Published: 28-08-2015 16:02 | Updated: 09-12-2021 09:18

Research Rendezvous: an interview with Jonathan Coquet

Welcome to a new series of interviews where our prominent researchers take centre stage. This week: an interview with Jonathan Coquet


Congratulations on your latest publication "Interleukin-21-Producing CD4+ T Cells Promote Type 2 Immunity to House Dust Mites in Immunity".
Can you tell us about the research that went into it?

‘T helper cells’ are a major population of cells in the immune system. Its been known for more than 20 years that a type of T helper cell called the ‘T helper 2’ cell is central to asthma. In the context of asthma, T helper 2 cells stimulate the epithelium of the lung to secrete factors that attract other inflammatory cells into the environment, thereby initiating a detrimental cascade. In our new publication, we add another type of T helper cell into the mix in asthma. These Interleukin-21 producing cells (typically known as T Follicular helper cells) are very prominent in asthma and are present in high proportion in the lungs. These cells help to promote T helper 2 cells and they work in symbiosis with them, so that without the Interleukin-21 producing cells the T helper 2 cells cannot function properly. This means that if we are able to target and impair the function of these Interleukin-21 producing cells, we may be able to negate the inflammation observed in asthma.


What is your research background?

I did my PhD in Melbourne where I was working on a cell type called NKT Cells. The main focus of my PhD was on cytokine production by these cells. Cytokines are soluble molecules such as interferons and interleukins, which regulate the function of immune and non-immune cells in the body. It turned out that NKT cells were a very special population of cells with a striking ability to produce large amounts of cytokines. Their ability to produce large quantities of cytokines enabled NKT cells to fight cancers and regulate autoimmunity and allergy.

I moved to Amsterdam for a Post Doc for three years and my research focused on T Helper cells and the programming that takes place when they are activated. Finally, for the last few years before coming to KI, I worked in Belgium in the laboratory of Bart Lambrecht researching the role of T helper cells in asthma and pulmonary diseases.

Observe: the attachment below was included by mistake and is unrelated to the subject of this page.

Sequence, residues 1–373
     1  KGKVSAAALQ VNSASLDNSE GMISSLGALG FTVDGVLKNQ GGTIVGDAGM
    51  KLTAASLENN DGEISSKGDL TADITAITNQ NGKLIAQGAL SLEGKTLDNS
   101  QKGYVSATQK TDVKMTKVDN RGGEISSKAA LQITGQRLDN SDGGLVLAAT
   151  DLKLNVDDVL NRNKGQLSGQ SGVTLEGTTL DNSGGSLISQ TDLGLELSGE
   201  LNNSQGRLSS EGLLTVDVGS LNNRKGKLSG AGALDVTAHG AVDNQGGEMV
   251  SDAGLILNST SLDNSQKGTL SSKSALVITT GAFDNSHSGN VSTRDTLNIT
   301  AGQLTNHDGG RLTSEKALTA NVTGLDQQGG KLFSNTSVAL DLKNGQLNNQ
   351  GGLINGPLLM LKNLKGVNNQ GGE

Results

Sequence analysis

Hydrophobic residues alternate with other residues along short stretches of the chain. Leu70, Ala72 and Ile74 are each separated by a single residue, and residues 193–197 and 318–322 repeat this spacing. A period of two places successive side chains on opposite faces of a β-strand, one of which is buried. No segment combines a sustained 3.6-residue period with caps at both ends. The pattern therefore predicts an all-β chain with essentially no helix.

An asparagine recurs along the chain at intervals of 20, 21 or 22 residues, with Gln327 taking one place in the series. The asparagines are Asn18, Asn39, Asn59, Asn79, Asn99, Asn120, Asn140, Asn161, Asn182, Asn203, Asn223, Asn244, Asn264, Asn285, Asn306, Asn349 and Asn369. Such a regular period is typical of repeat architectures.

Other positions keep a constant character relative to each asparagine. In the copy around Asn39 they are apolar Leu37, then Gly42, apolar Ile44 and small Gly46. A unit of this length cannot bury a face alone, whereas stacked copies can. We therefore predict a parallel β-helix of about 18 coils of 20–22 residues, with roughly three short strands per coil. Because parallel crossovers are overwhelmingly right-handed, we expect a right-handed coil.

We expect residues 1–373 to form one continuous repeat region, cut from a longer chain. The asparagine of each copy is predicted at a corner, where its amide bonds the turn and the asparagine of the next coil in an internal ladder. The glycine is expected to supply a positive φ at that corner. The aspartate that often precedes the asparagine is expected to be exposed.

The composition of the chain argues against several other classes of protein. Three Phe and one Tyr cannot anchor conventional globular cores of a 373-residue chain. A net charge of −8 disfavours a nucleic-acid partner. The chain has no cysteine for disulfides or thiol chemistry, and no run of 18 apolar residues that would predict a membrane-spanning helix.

Tell us some more about your current research project

T Helper cells are a large population of cells and are really central to the immune system. Normally, T helper cells are just surveying the environment and are inactive. However, when they come into contact with a virus, bacteria or other threats, they acquire specialised functions to help the body deal with that threat.

Though they can play a good role in fighting cancer, parasites and viruses, helper T cells are also implicated in the pathogenesis of a lot of diseases. These include allergies and autoimmune diseases such as arthritis and multiple sclerosis.

If we can figure out the key molecules and genes involved in T helper cell function, we can help to target and inhibit the detrimental aspects of these cells and create therapies.


What are your plans for the next few years?

I am following on from my work in Belgium and Amsterdam and creating a research line here, which focuses on the pathogenesis of asthma and muliple sclerosis. In the next few years I would like to use some of the new cutting edge technologies available at KI to understand helper T cells better. As a longer-term goal, I would like to be able to change the way inflammatory diseases such as asthma or arthritis are treated. Currently, the frontline treatment for inflammatory diseases are corticosteroids, which essentially suppress the whole immune system. I would like to be able to get into the intricacies of what makes these T Helper Cells tick to create better therapies that specifically target T helper cells in the future.


Does being at MTC affect your ability to achieve your goals as a researcher?

MTC has been good for me, it’s very multidisciplinary. What drew me to MTC is the diversity of interests and the fact that most of the groups tend to take a fundamental approach to research. They seem to be interested in research for research or curiosity’s sake and that’s what I do: its about wanting to find out new things. The groups here are broad and diverse and it creates a nice environment. I have worked in environments where the focus is only on T cell research and environments where there was little focus at all, but here the blend of groups doing similar and varied things makes collaboration easy.


More about Jonathans research here